1. Thank you. Praying that you have a sense of God’s love and presence as you navigate through this hard time. Love you.

  4. Addie,

    I know at times I have an overwhelming desire to know why things happen as they do. I think if I know the reason then I will be able to deal with it. I think I am wrong. I think even if God laid it all out for me then a lot of the time I would still be “damn.. I do not like this” Then the questions would turn into why now, why this way, why me, seeking more answers that I think would salve my soul… but they most likely would not.

    The salve that is offered is always there and while I do not always like it and trust in it I know that it is there from me. The salve that God loves me and he has my back no matter what……That when all is said and done if I trust him I will be ok and those I love will be too….


  5. Oh, Addie. That image of God in the room, feeling it all, brought tears to my eyes. Beautifully, powerfully written. Some scars, literal or otherwise, fade over time to the point of not remembering and others remind us of what we’ve overcome and how we’ve been shaped. I find comfort in knowing God has been with me every step of the way, even when it didn’t feel like it.

  6. First, I am so sorry that this happened to Liam! Last year, Cameron ran into a garbage can and split his face open near the cheekbone. There is something head and facial injuries that feel particularly nerve-wracking and sad for parents, I think. (And your reaction to hearing “boy” for the second time? Me too. Me too.)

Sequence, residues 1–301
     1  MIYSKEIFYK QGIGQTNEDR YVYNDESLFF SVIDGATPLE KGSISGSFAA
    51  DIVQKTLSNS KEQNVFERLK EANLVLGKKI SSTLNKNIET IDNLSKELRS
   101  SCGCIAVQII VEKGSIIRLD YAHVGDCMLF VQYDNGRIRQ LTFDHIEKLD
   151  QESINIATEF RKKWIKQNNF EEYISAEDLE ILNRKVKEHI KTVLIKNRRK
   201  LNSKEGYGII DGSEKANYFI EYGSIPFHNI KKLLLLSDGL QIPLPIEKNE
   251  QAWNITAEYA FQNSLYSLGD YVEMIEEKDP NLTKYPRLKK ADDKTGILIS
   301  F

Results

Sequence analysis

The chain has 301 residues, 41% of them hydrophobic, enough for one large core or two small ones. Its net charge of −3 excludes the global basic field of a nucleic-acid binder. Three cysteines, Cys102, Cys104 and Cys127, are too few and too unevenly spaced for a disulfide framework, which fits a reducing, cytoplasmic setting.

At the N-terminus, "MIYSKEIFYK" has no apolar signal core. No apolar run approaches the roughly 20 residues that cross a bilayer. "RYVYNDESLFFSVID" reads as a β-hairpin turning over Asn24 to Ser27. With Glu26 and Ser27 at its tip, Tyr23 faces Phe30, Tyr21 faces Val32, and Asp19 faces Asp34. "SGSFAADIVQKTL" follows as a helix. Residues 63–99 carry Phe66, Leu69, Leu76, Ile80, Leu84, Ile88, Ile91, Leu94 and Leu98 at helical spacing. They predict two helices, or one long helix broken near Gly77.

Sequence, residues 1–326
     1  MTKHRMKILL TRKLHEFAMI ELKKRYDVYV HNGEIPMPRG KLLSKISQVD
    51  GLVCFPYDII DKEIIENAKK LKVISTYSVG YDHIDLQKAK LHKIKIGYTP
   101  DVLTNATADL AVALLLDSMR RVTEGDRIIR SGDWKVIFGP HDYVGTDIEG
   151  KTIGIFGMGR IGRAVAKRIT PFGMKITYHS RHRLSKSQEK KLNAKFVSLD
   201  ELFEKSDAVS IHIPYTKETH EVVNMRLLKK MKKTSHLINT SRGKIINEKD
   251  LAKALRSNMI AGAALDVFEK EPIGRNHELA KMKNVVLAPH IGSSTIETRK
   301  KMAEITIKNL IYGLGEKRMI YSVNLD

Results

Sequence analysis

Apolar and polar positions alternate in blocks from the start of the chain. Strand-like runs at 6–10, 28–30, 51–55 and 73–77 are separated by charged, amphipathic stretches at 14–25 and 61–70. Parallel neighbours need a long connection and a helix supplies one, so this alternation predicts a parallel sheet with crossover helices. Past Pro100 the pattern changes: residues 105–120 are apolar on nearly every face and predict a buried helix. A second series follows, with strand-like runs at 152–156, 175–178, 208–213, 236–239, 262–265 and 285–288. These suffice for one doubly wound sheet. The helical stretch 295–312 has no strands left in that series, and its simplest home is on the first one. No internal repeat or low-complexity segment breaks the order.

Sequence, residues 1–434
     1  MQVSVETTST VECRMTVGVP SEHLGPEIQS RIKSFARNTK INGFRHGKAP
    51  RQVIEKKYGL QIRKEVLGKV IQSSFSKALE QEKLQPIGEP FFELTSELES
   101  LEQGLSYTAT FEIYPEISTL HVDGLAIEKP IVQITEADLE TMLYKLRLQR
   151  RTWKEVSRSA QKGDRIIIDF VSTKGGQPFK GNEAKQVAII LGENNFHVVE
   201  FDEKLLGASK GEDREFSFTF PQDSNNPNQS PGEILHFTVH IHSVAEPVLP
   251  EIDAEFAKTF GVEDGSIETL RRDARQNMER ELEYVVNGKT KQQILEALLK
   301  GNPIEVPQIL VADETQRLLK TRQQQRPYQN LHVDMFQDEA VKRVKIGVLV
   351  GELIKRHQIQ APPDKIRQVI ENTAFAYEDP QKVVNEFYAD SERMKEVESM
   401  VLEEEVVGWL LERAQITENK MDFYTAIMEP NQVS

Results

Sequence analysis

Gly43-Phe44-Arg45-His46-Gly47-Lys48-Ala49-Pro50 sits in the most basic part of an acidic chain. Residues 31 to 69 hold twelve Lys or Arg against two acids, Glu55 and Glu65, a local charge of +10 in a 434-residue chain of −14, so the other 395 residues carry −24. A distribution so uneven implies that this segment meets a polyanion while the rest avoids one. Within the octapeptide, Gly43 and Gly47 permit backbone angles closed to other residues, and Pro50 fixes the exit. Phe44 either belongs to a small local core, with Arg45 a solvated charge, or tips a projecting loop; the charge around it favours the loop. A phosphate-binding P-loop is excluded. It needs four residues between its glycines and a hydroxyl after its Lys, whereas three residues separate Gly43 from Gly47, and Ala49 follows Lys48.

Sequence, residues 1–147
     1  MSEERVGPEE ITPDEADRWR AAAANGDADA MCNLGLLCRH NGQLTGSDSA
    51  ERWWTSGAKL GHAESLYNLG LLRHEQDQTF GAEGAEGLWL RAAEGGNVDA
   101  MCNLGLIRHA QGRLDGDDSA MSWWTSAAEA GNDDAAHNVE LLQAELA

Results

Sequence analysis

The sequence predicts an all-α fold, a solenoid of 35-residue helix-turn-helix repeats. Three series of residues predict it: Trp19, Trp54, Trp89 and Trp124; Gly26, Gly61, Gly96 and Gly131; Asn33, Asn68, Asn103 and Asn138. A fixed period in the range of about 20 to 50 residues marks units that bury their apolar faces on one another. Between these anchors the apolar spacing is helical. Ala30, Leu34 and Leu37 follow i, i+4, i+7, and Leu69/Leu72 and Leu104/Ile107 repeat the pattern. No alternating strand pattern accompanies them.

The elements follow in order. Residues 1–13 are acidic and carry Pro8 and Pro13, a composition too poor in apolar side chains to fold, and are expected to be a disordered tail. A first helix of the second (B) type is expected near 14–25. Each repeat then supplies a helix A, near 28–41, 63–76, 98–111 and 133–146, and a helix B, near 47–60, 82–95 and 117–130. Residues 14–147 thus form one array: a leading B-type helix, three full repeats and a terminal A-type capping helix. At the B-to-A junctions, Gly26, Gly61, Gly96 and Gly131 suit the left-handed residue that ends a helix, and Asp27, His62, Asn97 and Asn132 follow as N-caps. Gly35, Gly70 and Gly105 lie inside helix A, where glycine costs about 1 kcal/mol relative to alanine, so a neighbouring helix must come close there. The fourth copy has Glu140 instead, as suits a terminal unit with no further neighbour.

Second, I am with you on all your thoughts about God as a Father. To me, it even helps my thoughts about how human free will and sovereignty weave together into their complicated tapestry. My primary aim as a parent is not to protect my children, but to help them grow. Sometimes I do things that offer them protection and a sense of foundation. But other times, I do things that let them take risks, explore, and learn to make their own choices. It is because I love them that I do both. Too much control would lead to less pain in the short term, but less well-being in the long term. And when less control means more mistakes and bumps and bruises, I love and guide them through it.

    Beautiful reflection, as usual Addie!

    1. Love this: “My primary aim as a parent is not to protect my children but to help them grow.” Beautiful. Thanks for this insight.

  7. I love and ache about this all at the same time. Elizabeth Stone wrote: “Making the decision to have a child is momentous. It is to decide forever to have your heart go walking around outside your body” and that’s how we feel about our children, we not only acutely feel our pain but theirs as well.

    For me I spent a long time bartering with God over my kids, “ok God, since I’ve already had so much pain, can I get a safety guarantee on my kids? Because this heart can only handle so much!”

    But ack, I can’t. I am always climbing to that high place where I can truly say that all I need is Jesus.

    1. Yes. I never knew I had a capacity for so much worry until I had babies. Thanks, Leanne.

  8. 3 things (took that much for me to be brave enough to finally comment):